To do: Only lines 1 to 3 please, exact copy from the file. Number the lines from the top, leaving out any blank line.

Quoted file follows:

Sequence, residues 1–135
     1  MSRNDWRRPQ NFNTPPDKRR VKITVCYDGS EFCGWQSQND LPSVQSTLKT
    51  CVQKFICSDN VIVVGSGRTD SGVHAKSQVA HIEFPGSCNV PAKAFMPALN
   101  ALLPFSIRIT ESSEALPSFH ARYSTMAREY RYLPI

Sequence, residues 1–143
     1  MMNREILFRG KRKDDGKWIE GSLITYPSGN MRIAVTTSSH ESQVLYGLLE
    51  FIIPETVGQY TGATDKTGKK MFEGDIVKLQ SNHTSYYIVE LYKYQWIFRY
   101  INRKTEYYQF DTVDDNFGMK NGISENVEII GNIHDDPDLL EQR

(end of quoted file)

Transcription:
Sequence, residues 1–135
     1  MSRNDWRRPQ NFNTPPDKRR VKITVCYDGS EFCGWQSQND LPSVQSTLKT
    51  CVQKFICSDN VIVVGSGRTD SGVHAKSQVA HIEFPGSCNV PAKAFMPALN